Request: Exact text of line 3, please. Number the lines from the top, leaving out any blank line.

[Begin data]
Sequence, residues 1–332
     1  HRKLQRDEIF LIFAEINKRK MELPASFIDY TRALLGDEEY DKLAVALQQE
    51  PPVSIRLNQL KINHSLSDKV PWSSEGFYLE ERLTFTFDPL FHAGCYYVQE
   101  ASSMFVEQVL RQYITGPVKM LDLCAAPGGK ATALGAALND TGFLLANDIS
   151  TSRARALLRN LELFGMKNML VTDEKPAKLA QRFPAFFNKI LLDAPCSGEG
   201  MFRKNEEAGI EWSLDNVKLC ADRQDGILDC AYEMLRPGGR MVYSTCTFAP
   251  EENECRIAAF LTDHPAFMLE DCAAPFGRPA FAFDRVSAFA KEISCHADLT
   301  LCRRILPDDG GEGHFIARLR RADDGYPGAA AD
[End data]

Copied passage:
    51  PPVSIRLNQL KINHSLSDKV PWSSEGFYLE ERLTFTFDPL FHAGCYYVQE